Glencar is dominated by the Macgillycuddy Reeks. The setting of Glencar Valley is extremely dramatic and all three main routes into the valley may be classed among the most spectacular and beautiful of Irish landscape scenery. Glencar is a nature lover’s paradise; the area is naturally beautiful with Lickeen Forest, Caragh River and Caragh Lake adding to the uniqueness of the area. The outstanding preservation of natural habitats has ensured the survival of many important indigenous species of flora and fauna. Glencar offers the lover of the outdoors easy access to the finest facilities from world class salmon and trout fishing, cycling, walking and climbing routes. "The Kerry Way", Ireland’s premiere long distance walking route winds it way through Glencar from the Black Valley leading to Glenbeigh.
The village of Beaufort and its hinterland was once the location of over 70 Hollywood movies in the period 1911-14. You can walk, climb, go on horse back, jaunting car through this area which offers 10km of walks and 5 lakes. Visit some of the oldest Natural Woods in Ireland at Tomies Wood. Take a stroll in the ruins of Dunloe Castle Tower House and Gardens. Carrantouhill the highest peak in the McGillicuddy Reeks dominates the area, this is a magnet for climbers and walkers alike with walks such as the Lisleibane and Cronin's Yard looped walks in the famous Hag's Glen.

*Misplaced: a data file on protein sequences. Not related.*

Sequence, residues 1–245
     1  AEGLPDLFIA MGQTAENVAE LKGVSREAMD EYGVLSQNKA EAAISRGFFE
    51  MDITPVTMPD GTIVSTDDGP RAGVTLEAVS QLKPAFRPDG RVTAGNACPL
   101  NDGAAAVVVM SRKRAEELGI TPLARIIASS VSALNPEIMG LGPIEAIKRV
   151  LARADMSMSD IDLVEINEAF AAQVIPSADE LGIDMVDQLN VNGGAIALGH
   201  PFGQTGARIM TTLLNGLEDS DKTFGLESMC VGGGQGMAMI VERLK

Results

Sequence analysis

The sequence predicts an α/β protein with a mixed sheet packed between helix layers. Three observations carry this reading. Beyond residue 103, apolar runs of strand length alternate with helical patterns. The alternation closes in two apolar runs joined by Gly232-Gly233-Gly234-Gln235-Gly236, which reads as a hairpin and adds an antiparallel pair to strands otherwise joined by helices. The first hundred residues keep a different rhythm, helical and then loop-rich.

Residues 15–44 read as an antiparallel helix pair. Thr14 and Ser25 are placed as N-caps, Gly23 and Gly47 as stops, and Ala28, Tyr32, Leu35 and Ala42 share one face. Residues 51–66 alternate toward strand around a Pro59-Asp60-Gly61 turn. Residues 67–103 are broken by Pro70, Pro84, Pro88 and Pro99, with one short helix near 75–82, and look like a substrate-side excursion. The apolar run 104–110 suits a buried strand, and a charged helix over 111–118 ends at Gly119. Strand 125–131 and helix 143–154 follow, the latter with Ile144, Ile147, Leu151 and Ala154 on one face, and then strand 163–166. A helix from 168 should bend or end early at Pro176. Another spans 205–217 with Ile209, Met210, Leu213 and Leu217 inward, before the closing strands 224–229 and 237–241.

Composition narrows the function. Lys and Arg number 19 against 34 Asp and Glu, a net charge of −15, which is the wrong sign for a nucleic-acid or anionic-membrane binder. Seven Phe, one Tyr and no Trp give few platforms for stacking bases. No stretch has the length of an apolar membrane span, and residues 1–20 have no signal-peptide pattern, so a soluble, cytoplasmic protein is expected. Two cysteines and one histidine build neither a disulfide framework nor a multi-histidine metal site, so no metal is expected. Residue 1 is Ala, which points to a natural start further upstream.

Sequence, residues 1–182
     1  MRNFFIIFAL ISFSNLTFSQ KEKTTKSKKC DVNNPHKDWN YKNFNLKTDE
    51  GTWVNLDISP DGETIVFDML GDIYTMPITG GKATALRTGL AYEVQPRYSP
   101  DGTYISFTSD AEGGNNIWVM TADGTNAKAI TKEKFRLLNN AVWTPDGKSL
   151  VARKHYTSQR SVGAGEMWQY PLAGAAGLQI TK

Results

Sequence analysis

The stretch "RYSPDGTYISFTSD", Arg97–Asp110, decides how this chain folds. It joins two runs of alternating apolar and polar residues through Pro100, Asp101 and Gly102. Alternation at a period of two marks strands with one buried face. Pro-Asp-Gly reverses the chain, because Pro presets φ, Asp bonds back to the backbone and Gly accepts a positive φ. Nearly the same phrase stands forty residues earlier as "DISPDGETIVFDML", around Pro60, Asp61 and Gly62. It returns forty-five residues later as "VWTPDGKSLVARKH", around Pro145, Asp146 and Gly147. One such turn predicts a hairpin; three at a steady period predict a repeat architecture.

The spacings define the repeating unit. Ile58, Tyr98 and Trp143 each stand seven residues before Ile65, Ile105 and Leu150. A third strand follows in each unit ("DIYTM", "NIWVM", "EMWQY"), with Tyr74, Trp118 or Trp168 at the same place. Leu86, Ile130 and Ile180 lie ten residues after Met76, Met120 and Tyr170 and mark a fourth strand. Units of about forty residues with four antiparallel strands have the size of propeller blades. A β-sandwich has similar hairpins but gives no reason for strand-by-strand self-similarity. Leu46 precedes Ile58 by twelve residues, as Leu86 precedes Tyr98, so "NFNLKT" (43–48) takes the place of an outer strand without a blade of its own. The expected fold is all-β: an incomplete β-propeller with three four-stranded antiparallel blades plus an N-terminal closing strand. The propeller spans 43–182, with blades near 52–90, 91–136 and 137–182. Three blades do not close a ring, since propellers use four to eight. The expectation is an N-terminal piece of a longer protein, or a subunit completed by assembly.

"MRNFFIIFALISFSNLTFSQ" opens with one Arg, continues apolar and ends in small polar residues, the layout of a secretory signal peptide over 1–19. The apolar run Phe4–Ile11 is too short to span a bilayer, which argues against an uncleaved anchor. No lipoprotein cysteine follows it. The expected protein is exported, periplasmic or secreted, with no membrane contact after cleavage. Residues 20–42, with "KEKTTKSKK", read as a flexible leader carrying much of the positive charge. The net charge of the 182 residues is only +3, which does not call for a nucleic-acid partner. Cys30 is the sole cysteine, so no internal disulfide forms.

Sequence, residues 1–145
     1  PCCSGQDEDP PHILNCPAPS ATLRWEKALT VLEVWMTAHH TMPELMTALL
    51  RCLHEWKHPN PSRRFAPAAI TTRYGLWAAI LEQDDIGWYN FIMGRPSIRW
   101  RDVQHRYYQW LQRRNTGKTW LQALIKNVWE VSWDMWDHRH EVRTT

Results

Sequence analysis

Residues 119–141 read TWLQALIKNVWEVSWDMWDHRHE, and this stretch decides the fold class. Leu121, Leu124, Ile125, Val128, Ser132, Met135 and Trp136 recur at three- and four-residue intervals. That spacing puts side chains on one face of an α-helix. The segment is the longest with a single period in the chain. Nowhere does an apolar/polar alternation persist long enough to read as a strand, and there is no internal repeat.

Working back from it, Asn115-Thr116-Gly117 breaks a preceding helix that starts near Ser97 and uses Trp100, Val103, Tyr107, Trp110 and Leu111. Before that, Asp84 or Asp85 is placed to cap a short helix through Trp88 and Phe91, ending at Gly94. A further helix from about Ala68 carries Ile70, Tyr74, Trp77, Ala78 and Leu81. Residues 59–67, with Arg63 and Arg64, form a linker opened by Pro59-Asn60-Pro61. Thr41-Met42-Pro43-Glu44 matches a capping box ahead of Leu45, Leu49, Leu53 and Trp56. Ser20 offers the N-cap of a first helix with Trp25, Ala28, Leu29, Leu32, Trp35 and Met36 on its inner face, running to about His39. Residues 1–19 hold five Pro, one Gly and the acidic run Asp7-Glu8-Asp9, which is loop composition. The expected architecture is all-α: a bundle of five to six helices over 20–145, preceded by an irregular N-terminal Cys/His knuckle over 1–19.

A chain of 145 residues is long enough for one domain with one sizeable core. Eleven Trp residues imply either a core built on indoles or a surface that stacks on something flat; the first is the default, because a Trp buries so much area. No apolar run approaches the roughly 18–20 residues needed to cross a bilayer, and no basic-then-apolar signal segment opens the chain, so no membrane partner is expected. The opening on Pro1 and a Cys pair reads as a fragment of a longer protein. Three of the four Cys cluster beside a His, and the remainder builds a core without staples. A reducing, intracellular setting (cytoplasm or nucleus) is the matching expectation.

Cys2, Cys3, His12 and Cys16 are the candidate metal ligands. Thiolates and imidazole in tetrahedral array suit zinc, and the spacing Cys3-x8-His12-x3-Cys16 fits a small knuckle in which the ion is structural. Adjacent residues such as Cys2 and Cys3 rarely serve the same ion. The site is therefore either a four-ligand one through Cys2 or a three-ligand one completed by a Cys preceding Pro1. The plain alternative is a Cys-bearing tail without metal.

Killorglin most noted for its' Puck Fair(10th, 11th & 12th Aug.) is one of Ireland's Oldest Fairs which offers great street entertainment, funfairs and Fire work displays; fun for all. The town arose at a bridging point on the Salmon rich river Laune and serves as a gateway to the Ring of Kerry and Iveragh Peninsula. Enjoy the many experiences on offer in the area, visit a honey or cheese farm, dine in the former church of Ireland. Watch the rowing on the River Laune or catch a salmon. Take in the famous Pauline Bewick's Seven Ages art exhibition in the Co. Council building - its FREE! Take the children to the exciting playground or simply take a seat and enjoy the sights and sounds of this bustling town.
Milltown Farmer’s Markets
Milltown Cattle Mart
Corrán Tuathail & the McGillycuddy Reeks
Cappanalea Outdoor Education Centre
Outdoor Activity Centres
Ballagh Beama Pass
Ballagh Oisín Pass
The Kerry Bog Village
The Behy Valley
Did You Know?
That it was not until 1976 that the Black Valley was finally connected to the National Grid, making it one of the last outposts in Ireland.
That Dunloe Castle was built in 1207.
That there are two theories to the history of Puck Fair. The first is that the fair started in pre-Christian times as a celebration for a good harvest. The goat may also represent the pagan god, Pan.
The second is that a goat ran down from the mountains and warned the town of the approach of Cromwell’s army. That James VI of Scotland, I of England and Ireland granted legal status to the fair in 1603.
That legend has it that atop Cnoc Griffon, as it is locally known on Caragh Lake, there is a wise keeper of secrets simply known as Car. She is revered as the greatest source of historical knowledge in the area and many have made the journey to speak with her in order to piece together the past. Some refer to her as the Oracle of the Lake.